Despite what you believe, statistical ignorance is not, in fact, a plan.

                • The thing is, good luck convincing someone with less money in their pocket that they are not better off. Is a state lottery winner worse off because the bet that paid off had a negative expected value?

                • You said they were better off. But that’s meaningless without specifying the measure. I pointed out that in some standard measures they are better off. (This is before we get to more I direct effects.)

                  This is all orthogonal to what will be convincing and understandable.

                  Furthermore, (many) people who are underinsured are arguably free riding (esp with the no blocking for pre existing conditions but even on the old system a case can be made). And duh, losing your free ride leaves you worse off. I’m not too sympathetic to them but its even more of a losing pitch to point that fact out.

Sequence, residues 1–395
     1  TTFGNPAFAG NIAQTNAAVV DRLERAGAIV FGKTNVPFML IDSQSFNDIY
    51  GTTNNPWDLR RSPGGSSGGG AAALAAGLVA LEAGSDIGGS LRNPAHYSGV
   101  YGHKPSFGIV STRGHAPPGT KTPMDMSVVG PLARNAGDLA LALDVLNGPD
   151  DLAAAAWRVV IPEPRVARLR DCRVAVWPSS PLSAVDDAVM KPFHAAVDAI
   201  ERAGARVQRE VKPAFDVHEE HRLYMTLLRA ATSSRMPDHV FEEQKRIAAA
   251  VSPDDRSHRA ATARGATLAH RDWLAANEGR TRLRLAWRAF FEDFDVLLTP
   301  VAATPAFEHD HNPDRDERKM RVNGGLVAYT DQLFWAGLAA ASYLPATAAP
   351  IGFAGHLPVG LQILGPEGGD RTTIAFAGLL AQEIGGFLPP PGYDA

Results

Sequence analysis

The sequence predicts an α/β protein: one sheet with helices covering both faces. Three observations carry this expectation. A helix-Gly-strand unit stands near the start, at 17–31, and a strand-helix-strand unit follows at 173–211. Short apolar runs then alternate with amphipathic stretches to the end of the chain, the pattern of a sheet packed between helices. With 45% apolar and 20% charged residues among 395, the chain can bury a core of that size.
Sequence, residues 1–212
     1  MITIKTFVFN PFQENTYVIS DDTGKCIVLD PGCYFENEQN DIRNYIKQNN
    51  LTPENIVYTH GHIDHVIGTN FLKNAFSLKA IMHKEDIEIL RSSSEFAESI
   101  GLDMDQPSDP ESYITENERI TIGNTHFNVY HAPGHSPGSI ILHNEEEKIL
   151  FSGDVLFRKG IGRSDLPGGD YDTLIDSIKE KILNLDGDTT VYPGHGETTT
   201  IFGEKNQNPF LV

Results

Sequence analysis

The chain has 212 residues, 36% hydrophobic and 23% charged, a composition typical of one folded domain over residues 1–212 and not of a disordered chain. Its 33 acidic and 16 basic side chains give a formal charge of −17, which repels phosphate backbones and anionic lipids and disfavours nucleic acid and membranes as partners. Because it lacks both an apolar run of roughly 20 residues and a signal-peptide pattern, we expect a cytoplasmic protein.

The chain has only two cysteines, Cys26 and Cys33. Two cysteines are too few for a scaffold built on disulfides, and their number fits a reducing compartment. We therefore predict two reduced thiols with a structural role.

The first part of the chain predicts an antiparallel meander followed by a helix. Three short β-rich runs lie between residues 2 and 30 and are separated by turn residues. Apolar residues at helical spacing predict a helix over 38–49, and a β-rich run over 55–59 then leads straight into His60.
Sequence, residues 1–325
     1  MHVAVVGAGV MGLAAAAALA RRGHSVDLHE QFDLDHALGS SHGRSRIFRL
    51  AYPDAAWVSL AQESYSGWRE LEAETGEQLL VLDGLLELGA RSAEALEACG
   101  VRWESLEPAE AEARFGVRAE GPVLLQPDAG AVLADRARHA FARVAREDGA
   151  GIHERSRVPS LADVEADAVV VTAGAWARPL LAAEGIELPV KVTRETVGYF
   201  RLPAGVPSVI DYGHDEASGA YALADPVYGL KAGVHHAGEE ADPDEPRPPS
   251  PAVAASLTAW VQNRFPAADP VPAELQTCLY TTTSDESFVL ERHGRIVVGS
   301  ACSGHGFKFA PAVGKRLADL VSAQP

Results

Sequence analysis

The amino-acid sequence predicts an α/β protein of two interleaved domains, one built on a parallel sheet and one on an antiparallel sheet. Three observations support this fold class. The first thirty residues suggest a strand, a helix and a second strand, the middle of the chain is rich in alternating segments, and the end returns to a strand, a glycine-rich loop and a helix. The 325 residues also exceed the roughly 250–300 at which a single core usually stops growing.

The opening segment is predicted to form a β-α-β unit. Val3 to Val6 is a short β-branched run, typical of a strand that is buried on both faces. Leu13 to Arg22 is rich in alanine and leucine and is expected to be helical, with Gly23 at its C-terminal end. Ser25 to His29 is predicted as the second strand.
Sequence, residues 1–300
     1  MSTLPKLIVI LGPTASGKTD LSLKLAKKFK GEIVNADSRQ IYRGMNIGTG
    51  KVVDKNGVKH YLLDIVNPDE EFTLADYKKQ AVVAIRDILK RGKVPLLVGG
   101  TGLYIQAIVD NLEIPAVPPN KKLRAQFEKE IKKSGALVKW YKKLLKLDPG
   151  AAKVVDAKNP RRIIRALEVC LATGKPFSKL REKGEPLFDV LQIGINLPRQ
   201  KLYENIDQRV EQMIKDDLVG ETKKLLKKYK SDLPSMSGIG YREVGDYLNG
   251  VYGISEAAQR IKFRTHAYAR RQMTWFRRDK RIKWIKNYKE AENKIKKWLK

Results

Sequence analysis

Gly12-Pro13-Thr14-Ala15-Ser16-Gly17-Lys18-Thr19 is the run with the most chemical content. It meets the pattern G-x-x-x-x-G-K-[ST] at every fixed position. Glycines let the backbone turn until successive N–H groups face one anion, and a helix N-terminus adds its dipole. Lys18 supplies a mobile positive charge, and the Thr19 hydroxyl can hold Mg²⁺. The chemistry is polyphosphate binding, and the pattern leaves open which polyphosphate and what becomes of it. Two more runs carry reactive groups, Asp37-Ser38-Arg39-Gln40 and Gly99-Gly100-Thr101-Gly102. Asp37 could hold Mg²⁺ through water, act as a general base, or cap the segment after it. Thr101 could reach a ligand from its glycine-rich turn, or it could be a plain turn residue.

• I think “better off” actually has a fairly objective meaning here that is being deliberately missed with a bunch of statistical obfuscation.

                  Human beings are not statistics. They care about outcomes. My state lottery winner made a negative expected value gamble, but he or she is still better off for having made it.

                  What you are arguing is that it is IRRATIONAL to assume you are never going to get sick and to buy low cost catastrophic insurance on the individual market. That is actually a statement I quite agree with. However, that doesn’t mean that everyone is automatically made better off if the option is taken away. Those people who are the winners in life’s lottery– who do not get sick until age 65– are, indeed, made worse off by what is essentially a tax-and-transfer program to pay for those who do get sick.